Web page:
Apple iPad 4 review
9.7 in 2,048x1,536 display, 652g, 1.4GHz Apple A6X, 1.00GB RAM, 16GB disk, Apple iOS 6
The Apple iPad 4 came as something as a surprise in late 2012. Everyone was expecting the iPad Mini, but as the new iPad (or iPad 3) had only been out since March, and so a replacement after just 6 months was a bit of a shock. Apple is no longer selling the iPad 4, having replaced it with a range of iPad Air and iPad mini tablets. You can still pick up an iPad 4 secondhand, but is it worth buying?
The iPad 4 is quite a bit faster than its predecessor though, fast enough to handle most tasks you might want to do today - after all if a developer's app doesn't run well on the highly-popular iPad 3 and iPad 4 then its in trouble. The biggest physical change was a switch to the new Lightning connector. At the time this seemed rather annoying, with lots of us having plenty of docks and cables for the old 30-pin connector.
If you're looking to buy an iPad 4 in retrospect though the new connector makes a huge difference. It not only means your 'new' iPad is compatible with all the latest accessories, but also you get a connector that works both ways up and stays connected better than the old one.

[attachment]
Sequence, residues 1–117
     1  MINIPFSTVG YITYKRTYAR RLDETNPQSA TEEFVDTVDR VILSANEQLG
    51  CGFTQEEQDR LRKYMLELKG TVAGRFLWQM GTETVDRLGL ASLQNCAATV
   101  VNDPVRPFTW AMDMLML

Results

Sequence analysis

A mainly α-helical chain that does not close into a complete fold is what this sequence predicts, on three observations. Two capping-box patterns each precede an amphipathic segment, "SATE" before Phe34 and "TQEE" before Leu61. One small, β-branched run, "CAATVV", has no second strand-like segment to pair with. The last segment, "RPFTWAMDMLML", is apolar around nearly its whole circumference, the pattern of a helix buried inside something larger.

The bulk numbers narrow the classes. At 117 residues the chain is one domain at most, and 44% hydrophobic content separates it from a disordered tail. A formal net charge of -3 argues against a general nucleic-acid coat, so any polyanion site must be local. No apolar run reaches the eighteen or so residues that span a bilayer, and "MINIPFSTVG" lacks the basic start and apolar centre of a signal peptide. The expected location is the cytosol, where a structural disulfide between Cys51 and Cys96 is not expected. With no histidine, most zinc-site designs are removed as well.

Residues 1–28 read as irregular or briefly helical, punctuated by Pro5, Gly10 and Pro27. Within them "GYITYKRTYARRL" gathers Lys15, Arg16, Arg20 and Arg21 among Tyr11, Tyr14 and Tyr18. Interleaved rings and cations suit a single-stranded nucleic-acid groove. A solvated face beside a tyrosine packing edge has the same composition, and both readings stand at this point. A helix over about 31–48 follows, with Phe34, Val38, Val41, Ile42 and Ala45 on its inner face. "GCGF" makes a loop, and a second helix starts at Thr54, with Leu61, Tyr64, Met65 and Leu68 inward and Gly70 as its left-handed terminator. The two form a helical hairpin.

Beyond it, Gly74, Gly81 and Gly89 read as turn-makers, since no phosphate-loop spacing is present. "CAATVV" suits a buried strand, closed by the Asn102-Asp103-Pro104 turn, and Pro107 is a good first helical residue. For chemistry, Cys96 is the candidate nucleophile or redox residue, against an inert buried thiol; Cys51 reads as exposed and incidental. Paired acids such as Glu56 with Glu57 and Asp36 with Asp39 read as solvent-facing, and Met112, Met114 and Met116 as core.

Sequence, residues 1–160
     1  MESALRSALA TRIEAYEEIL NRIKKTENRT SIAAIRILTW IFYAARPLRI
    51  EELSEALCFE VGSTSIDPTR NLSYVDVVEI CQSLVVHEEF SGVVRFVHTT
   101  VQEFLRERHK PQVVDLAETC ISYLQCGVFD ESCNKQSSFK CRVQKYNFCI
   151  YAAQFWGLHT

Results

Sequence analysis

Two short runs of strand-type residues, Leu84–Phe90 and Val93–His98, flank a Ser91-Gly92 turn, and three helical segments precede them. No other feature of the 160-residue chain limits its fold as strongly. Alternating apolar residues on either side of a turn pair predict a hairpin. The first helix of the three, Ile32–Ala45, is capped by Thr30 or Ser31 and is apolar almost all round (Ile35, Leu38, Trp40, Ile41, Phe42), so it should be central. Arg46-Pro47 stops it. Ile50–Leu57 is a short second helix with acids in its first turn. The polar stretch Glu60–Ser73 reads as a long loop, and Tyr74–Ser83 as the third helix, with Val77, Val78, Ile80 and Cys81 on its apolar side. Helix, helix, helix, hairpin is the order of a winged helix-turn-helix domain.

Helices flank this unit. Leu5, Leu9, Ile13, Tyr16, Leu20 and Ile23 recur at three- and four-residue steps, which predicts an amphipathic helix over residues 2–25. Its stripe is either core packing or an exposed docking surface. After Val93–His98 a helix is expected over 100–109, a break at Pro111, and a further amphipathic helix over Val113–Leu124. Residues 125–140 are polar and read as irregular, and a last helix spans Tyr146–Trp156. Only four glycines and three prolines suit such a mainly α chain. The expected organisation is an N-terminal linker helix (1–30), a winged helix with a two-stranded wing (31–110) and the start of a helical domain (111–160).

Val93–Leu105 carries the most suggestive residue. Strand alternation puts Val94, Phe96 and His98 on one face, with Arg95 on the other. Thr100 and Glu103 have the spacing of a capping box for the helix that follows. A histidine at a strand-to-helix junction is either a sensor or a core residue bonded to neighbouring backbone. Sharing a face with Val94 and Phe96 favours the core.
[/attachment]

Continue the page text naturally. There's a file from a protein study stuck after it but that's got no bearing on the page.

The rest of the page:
A Lightning connector replaces the old 30-pin connector and brings the iPad into line with the other iOS devices
While the iPad 3 used a slightly tweaked version of the Apple A5X processor, with quad-core graphics to handle the tablet's high-resolution screen, the iPad 4 has the brand new Apple A6X processor. This is the same model used in the iPhone 5, although the 1.4GHz model used here also has quad-core graphics. Again, this move makes a lot of sense, as Apple can concentrate on a single processor for its iPad and iPhone lines.
For graphics we ran GLBench, which showed similar results: 25.6fps on the iPad 3 and 50.7fps on the iPad 4. All of this isn't to say that the iPad 3 is slow, as it isn't, just the iPad 4 is, impressively, even quicker.
As we've come to expect from an Apple product, iOS is incredibly smooth. Every single transition and operation happens incredibly smoothly and there's none of the inherent jerkiness you get with an Android device. Web browsing is an absolute pleasure, with even the most complex sites rendering quickly, while pinching to zoom is incredibly smooth. In terms of day-to-day performance, the iPad is still the tablet to beat.